The HDP getting 80 MPs in the last elections seems to be a popular reason for thinking that the PKK now has to lay down its arms. After all, the Kurds now have a ‘legitimate’ representation in parliament. What does this mean, ‘legitimate’ representation? I know what they mean of course: they managed to pass the threshold. Does this mean that before they were not ‘legitimate’? That the ones who have been representing the Kurdish struggle for rights and freedom for decades in parliament were not ‘legitimate’ because they could not pass the morally illegitimate 10% threshold?

The 80 MPs also seem to be a reason ‘experts’ think the HDP now has to choose. One even went as far as to present two choices, namely between teaming up with the PKK’s field leadership in Qandil, who warned that if Turkey starts an operation in Syria the PKK will wage a war against Turkey there, and staying in line with the view of Öcalan, who said ‘The nation state has decayed, we are now starting a struggle for democracy and freedom’? Apparently, getting 80 MPs is somehow seen as a big part of the solution of the Kurdish problem. The only thing it actually means is that more people in Turkey are, for whatever reason, drawn to the HDP’s message for fundamental change in this country, and that the party can step up its parliamentary work for peace.

Fundamental opinion

What it does not mean, is that the HDP has to choose. Even stronger: there is not even a choice to make. Of course, it is interesting to assess the power balances between the different actors in the Kurdish movement, like the Qandil leadership, Öcalan (let’s stop call him Imrali) and the HDP, but basically they are all of the same fundamental opinion: the only way much longed for peace can come to Turkey is via negotiations, to which the government has to commit itself again, after which a peace deal can be signed, after which the PKK will lay down its arms (or be transformed into a legal armed force of a Kurdistan region, like the peshmerga forces in Iraqi Kurdistan). That’s how peace processes go. Demirtas said it too in the interview: the government should accept the Kurdish movement’s conditions.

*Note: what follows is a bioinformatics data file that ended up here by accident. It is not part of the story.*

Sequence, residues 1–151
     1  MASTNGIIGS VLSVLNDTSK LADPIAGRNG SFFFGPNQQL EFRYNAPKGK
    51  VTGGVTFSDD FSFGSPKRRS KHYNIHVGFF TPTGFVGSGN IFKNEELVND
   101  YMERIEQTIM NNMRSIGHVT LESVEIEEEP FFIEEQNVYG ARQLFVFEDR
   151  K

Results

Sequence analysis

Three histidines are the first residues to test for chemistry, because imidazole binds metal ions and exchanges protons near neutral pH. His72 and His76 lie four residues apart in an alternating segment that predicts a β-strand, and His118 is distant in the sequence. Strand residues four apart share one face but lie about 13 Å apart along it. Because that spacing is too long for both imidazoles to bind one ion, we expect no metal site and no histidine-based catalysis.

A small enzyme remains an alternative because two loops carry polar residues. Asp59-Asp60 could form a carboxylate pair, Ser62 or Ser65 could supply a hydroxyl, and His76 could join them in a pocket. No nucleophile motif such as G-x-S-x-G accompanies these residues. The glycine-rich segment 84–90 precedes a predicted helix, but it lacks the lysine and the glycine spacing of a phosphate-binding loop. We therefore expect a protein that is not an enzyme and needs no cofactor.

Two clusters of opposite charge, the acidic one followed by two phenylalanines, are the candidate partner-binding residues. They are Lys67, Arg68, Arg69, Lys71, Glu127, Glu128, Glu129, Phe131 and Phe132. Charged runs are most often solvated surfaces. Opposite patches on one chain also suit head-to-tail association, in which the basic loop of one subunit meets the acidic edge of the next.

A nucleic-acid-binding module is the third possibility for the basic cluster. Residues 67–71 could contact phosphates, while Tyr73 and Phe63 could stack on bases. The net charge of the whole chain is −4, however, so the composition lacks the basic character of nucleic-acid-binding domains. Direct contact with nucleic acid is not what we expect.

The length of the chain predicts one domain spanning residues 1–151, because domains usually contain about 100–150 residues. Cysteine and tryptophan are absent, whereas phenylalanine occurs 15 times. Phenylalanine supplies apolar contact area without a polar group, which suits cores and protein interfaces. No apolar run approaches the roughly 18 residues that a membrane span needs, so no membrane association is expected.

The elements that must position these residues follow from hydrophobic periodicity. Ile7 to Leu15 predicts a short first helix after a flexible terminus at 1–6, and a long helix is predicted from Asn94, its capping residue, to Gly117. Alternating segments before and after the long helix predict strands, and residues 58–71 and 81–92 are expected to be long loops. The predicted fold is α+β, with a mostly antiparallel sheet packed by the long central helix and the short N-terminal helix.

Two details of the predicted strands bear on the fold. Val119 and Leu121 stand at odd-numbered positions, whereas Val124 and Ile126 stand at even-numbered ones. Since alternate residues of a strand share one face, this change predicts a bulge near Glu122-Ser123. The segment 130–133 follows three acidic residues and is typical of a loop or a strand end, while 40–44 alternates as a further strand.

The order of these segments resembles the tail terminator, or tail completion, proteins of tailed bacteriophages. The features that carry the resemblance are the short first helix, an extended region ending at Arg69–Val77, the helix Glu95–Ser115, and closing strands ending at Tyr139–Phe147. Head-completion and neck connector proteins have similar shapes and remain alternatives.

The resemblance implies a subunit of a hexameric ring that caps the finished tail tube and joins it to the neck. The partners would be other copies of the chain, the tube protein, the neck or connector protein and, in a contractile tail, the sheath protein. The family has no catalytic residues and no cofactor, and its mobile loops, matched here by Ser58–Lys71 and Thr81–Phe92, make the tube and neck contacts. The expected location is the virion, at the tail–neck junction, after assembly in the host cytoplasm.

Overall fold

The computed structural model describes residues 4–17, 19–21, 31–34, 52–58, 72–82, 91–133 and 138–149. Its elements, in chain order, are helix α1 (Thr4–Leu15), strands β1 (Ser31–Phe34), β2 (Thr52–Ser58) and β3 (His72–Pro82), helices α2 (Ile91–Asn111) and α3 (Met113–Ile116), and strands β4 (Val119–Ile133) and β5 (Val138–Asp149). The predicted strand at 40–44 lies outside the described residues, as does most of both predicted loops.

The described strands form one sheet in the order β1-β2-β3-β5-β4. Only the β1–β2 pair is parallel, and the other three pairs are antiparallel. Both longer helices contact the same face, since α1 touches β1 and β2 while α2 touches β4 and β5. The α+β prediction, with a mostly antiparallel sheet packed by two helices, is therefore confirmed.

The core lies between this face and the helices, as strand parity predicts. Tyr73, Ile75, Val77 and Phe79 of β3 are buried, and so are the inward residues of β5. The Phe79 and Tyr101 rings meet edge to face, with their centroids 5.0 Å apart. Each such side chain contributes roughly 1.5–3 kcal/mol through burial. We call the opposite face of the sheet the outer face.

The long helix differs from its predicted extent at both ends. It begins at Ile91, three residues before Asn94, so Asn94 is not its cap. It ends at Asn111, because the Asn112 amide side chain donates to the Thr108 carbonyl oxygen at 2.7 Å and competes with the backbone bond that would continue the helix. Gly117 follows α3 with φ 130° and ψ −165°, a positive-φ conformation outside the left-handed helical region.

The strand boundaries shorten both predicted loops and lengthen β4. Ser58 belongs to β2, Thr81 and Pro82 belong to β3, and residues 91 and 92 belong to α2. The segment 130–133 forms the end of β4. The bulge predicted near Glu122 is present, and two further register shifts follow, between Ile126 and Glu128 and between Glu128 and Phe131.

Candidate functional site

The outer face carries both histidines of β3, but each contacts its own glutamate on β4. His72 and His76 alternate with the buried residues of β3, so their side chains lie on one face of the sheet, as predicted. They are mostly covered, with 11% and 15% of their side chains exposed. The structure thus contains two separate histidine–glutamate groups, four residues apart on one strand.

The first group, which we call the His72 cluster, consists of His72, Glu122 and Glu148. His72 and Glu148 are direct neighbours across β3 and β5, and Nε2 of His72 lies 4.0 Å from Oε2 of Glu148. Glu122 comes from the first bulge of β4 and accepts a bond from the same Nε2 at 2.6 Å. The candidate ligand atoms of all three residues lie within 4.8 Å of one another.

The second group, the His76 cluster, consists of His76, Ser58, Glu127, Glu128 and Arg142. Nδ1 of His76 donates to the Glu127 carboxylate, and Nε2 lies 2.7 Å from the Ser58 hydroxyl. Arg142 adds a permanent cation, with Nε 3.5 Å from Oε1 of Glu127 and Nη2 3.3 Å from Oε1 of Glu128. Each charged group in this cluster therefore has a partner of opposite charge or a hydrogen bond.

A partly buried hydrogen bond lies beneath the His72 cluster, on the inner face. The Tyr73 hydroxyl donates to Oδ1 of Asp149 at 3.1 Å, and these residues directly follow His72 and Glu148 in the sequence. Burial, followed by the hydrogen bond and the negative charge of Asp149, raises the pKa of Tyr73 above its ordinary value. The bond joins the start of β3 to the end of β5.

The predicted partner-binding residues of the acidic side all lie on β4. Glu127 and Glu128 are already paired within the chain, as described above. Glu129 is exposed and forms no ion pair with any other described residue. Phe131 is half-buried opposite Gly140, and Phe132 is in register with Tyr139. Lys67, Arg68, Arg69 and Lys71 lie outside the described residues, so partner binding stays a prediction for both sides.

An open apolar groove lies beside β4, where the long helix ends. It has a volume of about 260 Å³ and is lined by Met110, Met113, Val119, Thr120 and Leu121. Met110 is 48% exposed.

When Öcalan says he thinks the concept of nation states is out of date and the Qandil leadership says they’ll react to a Turkish operation in Syria, in what way are these contradictions? They are two sides of the same coin. The Kurds in Syria are, after all, building a society based on an ideology that goes beyond the nation state, and how could they not defend themselves if Turkey puts that in danger? Maybe Öcalan would speak out on it just as fiercely as the leadership in Qandil – if he were a free man, but well, he is not, so we always have to keep his captivity in mind when assessing his comments, and, for that matter, the things he doesn’t say.


There is no serious rift in the Kurdish movement. Any news journalist or columnist trying to make you think otherwise is a phony. Some of the writers of these news articles and columns may really think the way they write, others may know their subject much better than appears from their writings but decide to show otherwise because they have a hidden agenda. My advice to them: if you don’t know your subject, shut up about it, and if you do, show it. Then you would hit two birds with one stone: you’d show yourself as a sincere journalist or analyst, and you would actually make a contribution to peace in this country.